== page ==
The formation of new forms from an ancestral species in response to the opening of new habitats is called adaptive radiation.
THEORY OF EVOLUTION BY NATURAL SELECTION
Dar in formulated his ideas of natural selection by 1844. There are following points of his theory of natural selection:
- Overproduction of population
All organisms have great reproductive potential. For example:
- A female oyster releases about 100,000 eggs with each spawning.
- A female sea star releases about 1 million eggs each season. “‘Thus A half million female sea stars can produce another million eggs. If this repeated over just a few generations, it will soon fill up the oceans.
- A female robin (bird) lays four fertile eggs each season. If each produces four more robins. It will cause unimaginable resource problems in just a few years.
- Genetic variation
Inherited variations arise by random mutation. Two individuals are never exactly alike. Some of these genetic variations give advantage to the individuals. But some variations are harmful to an Individual. Some other variations are neither helpful nor harmful. These variations are called neutral. These variations can be passed on to offspring.
- Struggle for survival
The resources are limited. Therefore, a constant struggle started.Many more offspring are produced than resources can support. Therefore, many individuals die. Darwin reasoned that these individuals have less adaptive traits. Some individual remain alive. These individual have adaptive traits.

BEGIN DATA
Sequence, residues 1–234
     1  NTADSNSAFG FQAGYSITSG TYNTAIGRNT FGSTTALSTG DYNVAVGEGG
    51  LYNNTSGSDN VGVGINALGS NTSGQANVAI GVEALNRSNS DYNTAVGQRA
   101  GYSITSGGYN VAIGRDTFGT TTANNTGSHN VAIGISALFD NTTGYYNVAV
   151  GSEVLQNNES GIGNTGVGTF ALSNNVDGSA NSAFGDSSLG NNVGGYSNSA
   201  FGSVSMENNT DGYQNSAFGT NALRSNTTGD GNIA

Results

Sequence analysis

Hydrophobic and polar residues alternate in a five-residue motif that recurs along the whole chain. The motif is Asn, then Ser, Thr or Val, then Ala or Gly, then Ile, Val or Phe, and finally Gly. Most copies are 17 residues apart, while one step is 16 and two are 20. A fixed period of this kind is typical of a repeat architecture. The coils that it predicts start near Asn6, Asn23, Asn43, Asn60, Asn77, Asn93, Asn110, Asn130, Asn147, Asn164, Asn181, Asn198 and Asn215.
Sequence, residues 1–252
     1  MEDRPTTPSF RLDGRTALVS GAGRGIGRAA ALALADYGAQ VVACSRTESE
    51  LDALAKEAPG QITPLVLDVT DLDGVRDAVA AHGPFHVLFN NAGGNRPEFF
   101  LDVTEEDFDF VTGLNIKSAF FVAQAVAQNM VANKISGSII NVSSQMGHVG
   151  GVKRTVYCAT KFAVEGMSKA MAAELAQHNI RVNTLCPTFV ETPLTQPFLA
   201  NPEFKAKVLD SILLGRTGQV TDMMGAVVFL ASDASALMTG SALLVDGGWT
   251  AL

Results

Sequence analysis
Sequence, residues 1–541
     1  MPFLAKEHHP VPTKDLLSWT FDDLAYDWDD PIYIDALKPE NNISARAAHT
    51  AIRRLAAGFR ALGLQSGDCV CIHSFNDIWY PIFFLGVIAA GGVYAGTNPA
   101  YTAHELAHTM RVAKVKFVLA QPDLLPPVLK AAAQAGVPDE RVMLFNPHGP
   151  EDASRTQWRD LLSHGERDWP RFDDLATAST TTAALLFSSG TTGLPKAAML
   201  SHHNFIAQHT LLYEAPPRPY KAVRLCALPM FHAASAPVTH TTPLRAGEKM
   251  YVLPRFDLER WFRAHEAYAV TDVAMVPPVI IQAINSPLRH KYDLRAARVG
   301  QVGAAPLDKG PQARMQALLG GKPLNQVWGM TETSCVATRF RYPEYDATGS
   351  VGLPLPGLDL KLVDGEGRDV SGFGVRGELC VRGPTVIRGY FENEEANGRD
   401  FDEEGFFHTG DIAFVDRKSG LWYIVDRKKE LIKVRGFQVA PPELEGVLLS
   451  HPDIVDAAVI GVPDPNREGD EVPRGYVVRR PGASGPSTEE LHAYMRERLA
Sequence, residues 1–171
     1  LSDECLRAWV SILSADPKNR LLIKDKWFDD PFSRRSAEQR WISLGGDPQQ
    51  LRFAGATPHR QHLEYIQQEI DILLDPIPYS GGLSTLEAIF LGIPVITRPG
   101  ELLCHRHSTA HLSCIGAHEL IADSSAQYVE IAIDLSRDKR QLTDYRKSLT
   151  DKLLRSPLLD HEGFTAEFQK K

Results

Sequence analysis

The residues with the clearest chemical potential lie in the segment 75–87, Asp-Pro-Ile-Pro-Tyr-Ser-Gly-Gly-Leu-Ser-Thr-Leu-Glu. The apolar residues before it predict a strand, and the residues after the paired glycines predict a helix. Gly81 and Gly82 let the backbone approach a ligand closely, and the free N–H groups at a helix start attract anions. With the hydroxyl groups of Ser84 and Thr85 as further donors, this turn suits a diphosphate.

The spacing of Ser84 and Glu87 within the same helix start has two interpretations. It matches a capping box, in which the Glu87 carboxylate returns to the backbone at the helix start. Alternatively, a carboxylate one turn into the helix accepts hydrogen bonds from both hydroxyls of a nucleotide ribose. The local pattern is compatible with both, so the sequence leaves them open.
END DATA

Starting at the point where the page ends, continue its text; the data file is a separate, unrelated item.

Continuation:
- Natural selection
Adaptive traits are transferred in subsequent generations. The organisms with maladaptive traits have less chance to reproduce. Thus the maladaptive traits become less frequent in a population. Finally they are eliminated.Darwin formulated a theory with these ideas. This theory explains following points:
- How the tortoises and finches of the Galapagos Islands changed over time.
- It also explains how some animals like ancient South American
horses can become extinct. Sometimes, a group of animals face a new environment. It can not adapt in the climatic changes, food shortages, and other environmental stressors. Therefore, they become extinct.